Over 2000 years ago, a “yes” was spoken.
But this wasn’t just an ordinary yes. This was a fiat and a profound expression of the full scope of femininity in service to God’s will. A willingness to give oneself, body and soul, to God.
“…the human body speaks a ‘language’ of which it is not the author. It’s author is man, as male or female, as bridegroom or bride: man with his perennial vocation to the communion of persons.” (TOB 104:7)
Mary told the angel Gabriel, “Let it be done to me according to your word” (Lk 1:38) with her lips, but her body lived the promise. Her body fulfilled the earthly calling to communion with others while her soul was filled with a heavenly grace. Her body nourished and served the body that would one day serve and nourish the whole of humanity with His very life.
“Thus the Holy Spirit brings about a harmony of intimate dispositions between the Mother and the Son, which will allow Mary to assume fully her maternal role to Jesus, as she accompanies him in his mission as Servant.” (Saint John Paul the Great)
Jesus reflected Mary’s physical humanity while Mary reflected Jesus’ spiritual divinity. In a world where the flesh is plagued by temptation, this Mother and Son spoke the language of true love. She, through breasts that nourished, hands that caressed, and arms that cuddled; He, through hands that healed, arms that consoled, and a body that paid the ultimate price. Two bodies, at the same time devoted to one another and to God–something we, in our fallen state, can only attempt to attain.
But still we try. We try to make the language of our bodies convey the same vow we spoke on our wedding day. We try to make the “I love you” to our child at the end of a tiring day be confirmed in the accompanying display of physical affection. We try to make the claim “I’m Catholic” authentic by serving others with love through the actions of our bodies.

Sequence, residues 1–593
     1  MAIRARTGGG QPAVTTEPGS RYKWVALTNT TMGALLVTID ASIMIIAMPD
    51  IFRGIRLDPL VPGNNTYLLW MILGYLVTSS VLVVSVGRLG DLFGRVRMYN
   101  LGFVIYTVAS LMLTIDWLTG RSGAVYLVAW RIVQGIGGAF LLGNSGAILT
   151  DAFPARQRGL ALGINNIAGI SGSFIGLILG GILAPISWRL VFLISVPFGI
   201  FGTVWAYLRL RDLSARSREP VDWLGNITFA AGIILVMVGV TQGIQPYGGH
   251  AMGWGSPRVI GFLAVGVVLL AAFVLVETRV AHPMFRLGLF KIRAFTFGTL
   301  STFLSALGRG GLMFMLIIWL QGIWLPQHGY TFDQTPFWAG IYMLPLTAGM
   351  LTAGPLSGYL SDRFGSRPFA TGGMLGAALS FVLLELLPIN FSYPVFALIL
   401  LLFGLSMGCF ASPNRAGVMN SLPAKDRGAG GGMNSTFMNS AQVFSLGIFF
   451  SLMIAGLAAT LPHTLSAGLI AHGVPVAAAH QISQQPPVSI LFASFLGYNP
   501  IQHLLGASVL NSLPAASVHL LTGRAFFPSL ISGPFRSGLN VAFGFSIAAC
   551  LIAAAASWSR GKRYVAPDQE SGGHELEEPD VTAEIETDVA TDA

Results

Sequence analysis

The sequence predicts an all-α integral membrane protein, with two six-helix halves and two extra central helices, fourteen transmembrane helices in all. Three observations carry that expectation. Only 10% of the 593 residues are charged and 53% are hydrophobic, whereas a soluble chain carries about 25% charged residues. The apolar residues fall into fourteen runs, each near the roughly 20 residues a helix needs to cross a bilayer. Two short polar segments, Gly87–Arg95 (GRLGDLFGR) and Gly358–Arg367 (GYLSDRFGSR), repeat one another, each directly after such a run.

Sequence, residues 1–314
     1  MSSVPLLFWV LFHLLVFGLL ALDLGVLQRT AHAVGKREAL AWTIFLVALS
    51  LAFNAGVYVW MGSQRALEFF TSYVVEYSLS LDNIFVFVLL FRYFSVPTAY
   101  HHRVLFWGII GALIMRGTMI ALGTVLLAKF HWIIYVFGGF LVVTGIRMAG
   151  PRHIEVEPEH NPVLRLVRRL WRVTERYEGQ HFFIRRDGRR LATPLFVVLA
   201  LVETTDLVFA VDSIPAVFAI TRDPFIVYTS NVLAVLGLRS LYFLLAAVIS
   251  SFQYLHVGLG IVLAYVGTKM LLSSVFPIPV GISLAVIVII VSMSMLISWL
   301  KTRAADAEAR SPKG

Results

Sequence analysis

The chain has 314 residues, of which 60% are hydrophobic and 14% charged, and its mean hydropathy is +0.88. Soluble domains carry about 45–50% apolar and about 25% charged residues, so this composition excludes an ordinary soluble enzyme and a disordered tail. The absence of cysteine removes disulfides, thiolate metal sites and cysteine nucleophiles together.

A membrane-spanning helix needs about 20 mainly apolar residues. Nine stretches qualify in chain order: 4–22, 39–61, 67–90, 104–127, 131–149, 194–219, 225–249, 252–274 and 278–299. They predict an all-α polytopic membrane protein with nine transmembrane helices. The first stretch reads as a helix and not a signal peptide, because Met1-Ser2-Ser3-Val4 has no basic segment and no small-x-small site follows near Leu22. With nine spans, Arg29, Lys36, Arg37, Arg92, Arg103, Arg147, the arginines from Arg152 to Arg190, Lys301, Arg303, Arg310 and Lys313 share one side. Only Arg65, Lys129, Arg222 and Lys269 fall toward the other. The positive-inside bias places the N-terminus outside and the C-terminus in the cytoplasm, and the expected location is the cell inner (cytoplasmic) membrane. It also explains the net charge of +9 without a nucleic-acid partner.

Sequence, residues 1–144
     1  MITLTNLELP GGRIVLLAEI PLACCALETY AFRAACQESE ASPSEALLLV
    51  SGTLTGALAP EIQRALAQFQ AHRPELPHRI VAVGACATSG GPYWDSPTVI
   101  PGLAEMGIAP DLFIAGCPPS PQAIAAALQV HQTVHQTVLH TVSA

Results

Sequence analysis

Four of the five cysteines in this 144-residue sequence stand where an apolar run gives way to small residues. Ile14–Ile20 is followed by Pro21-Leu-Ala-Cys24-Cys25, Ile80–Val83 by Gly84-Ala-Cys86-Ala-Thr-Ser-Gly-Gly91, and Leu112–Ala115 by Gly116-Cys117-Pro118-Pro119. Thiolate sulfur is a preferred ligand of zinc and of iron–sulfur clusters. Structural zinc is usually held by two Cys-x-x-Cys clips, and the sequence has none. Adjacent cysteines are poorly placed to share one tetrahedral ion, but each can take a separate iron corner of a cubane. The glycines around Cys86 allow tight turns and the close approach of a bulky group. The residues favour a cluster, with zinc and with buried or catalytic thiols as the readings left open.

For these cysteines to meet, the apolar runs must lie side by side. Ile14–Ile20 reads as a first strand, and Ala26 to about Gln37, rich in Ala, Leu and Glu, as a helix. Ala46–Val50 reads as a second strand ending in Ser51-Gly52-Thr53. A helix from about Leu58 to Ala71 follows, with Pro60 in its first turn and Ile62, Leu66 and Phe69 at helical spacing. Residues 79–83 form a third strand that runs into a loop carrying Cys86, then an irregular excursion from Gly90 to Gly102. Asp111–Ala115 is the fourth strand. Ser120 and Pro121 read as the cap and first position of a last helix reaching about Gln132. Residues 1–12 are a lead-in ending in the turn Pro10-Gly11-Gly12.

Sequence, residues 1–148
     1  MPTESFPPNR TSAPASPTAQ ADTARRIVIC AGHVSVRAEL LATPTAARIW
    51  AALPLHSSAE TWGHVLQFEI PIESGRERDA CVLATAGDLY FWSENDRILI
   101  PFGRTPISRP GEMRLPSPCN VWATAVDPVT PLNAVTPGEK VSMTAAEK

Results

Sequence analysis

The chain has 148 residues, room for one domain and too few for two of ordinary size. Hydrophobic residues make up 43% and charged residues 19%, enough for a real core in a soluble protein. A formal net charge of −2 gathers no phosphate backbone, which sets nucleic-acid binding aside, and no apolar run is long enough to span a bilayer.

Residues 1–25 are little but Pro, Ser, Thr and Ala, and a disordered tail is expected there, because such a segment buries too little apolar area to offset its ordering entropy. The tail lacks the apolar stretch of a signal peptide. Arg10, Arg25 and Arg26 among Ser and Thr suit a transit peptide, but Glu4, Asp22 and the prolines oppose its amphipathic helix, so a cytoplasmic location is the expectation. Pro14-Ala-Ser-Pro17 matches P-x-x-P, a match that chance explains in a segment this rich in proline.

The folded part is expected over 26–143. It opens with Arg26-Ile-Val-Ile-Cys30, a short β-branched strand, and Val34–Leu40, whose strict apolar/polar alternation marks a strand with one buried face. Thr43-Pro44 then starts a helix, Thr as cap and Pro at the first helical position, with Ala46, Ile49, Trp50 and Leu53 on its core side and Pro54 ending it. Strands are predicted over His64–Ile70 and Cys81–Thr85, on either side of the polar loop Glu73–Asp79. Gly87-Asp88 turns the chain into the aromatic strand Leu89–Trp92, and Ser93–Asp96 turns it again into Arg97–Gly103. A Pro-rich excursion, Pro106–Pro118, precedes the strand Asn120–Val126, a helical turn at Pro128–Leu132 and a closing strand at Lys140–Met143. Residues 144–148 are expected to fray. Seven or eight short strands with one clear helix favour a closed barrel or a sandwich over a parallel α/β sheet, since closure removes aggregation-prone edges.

“[Man] is constituted in such a way from the ‘beginning’ that the deepest words of the spirit–words of love, gift, and faithfulness–call for an appropriate ‘language of the body.’ And without this language, they cannot be fully expressed.” (TOB 104:7)
My spoken vow of faithfulness to my spouse means nothing if my body falls into the embrace of another. My love for my baby is “fully expressed” when I cuddle her when she cries or nurse her when she is hungry. And my devotion to Christ is made manifest when I treat others like the image of God that they are.
Our bodies speak volumes and their language is powerful.
Was love never so fully expressed than by the body that was nailed to the cross for us? A body that entered the world in a state of vulnerability and dependence. Like parents today, Mary must have observed her tiny son’s every move, allowing her mothering instincts to tell her what He needed based solely on His physical cues. Surely Joseph paced the floor at night sometimes with a fussy, teething Jesus, comforting Him in a strong fatherly embrace. And like any doting mother, Mary must have sat in silence, gazing at her precious Son sleeping in her arms–foreshadowing the love and sacrifice of a mother’s heart portrayed by Michelangelo’s Pieta.
During these last few days of Advent, reflect on Jesus and Mary’s servant hearts and how they were made visible through the actions of their bodies. And as your heart grows closer to Christ, may the actions of your body follow.